Approximately 300 million laying hens produced 75 billion eggs in the United States each year.
That means each hen laid an annual average of 260 eggs – almost ten times as many as their ancestors. This astounding increase in production has come at a terrible cost.
About 98 percent of hens are tightly caged their whole lives. Each bird has a space smaller than a sheet of letter-sized paper.
- Most hens confined in these cages also have their beaks cut-off so that they don’t hurt one another in such crowded spaces. They are without sunlight, fresh air or room to spread their wings.
- These extremely crowded conditions compromise the birds’ health creating a need for the use of antibiotics.
Egg production practices effect our environment and expose the workers to additional risks.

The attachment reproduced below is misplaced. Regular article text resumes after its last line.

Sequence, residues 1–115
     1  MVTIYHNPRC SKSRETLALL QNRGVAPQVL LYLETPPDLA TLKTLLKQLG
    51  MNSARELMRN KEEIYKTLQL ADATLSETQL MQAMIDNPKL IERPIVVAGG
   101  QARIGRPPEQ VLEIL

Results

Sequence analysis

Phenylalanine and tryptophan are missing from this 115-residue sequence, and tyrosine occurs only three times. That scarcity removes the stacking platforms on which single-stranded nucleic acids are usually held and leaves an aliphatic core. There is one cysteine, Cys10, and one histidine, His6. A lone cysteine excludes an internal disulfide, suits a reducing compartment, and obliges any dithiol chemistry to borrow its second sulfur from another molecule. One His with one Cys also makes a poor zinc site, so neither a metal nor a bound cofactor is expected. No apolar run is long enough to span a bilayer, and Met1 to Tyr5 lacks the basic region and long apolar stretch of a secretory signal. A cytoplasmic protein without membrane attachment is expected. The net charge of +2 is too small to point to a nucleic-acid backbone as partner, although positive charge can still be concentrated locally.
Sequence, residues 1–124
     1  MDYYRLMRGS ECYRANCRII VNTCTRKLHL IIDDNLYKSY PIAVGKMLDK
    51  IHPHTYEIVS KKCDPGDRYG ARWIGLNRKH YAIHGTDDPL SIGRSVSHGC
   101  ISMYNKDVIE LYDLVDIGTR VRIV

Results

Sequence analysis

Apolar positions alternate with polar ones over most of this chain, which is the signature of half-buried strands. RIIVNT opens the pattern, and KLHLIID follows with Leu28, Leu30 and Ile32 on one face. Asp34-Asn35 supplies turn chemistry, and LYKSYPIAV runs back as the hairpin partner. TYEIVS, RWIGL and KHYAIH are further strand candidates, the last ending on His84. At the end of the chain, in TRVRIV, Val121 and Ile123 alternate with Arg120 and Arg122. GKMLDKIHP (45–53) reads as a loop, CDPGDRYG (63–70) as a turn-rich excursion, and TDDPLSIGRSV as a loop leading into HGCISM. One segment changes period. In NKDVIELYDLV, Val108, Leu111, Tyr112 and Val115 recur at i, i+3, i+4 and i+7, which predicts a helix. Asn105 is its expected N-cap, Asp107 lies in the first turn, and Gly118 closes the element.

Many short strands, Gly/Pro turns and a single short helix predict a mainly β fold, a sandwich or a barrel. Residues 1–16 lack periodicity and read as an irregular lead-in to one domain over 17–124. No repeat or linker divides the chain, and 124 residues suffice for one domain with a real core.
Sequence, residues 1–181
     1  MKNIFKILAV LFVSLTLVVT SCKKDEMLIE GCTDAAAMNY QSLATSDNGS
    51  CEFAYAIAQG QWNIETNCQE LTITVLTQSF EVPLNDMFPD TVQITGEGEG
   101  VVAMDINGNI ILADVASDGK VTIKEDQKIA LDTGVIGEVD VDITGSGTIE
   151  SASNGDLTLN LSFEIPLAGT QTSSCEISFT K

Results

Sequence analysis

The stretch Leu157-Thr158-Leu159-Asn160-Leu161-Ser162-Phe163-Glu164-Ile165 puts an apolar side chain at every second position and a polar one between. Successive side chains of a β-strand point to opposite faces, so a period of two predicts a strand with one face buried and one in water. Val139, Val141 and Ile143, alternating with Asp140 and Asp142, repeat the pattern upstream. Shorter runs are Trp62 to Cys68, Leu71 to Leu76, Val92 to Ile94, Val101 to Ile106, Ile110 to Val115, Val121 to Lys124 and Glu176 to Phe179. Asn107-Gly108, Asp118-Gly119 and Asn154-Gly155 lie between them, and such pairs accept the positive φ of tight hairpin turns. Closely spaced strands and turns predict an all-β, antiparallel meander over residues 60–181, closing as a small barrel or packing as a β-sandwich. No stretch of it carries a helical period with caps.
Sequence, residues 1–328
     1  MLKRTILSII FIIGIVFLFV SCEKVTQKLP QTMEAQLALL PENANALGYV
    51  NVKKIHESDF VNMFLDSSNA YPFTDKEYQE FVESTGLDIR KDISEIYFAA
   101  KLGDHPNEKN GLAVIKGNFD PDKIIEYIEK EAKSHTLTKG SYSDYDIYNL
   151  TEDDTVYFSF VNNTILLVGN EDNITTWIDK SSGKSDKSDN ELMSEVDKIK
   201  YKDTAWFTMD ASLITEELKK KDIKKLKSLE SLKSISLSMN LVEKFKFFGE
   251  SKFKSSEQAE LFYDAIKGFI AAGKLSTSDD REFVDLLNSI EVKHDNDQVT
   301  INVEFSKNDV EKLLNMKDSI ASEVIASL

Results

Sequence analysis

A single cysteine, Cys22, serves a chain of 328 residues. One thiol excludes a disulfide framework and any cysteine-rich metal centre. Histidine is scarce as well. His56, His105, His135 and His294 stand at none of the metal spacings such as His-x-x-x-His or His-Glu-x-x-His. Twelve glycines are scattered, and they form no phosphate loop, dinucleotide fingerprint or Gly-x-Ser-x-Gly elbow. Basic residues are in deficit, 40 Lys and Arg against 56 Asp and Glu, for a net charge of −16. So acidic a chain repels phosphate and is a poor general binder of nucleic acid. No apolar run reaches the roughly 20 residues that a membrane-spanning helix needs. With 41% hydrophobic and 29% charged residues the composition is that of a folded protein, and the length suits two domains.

- The routine use of antibiotics in the egg industry puts us at risk for developing antibiotic resistance.
- Managing the excessive waste produced by the animals is hazardous. Runoff can pollute nearby lakes, streams and ultimately, our oceans.
- Working at industrial egg operations exposes people to high ammonia levels that can cause lung problems.
Confining hens in battery cages is starting to be recognized as an inhumane, dangerous practice.
- Battery cages are banned in several countries, including Germany, Austria and Switzerland.
- The entire European Union is currently phasing out conventional battery cages altogether by 2012.
- California passed a law mandating all shell egg sales must be cage-free by 2015.
- Currently, there is no nationwide law to mandate a transition to cage-free operations, but the Humane Society of the United States is working toward stronger state laws.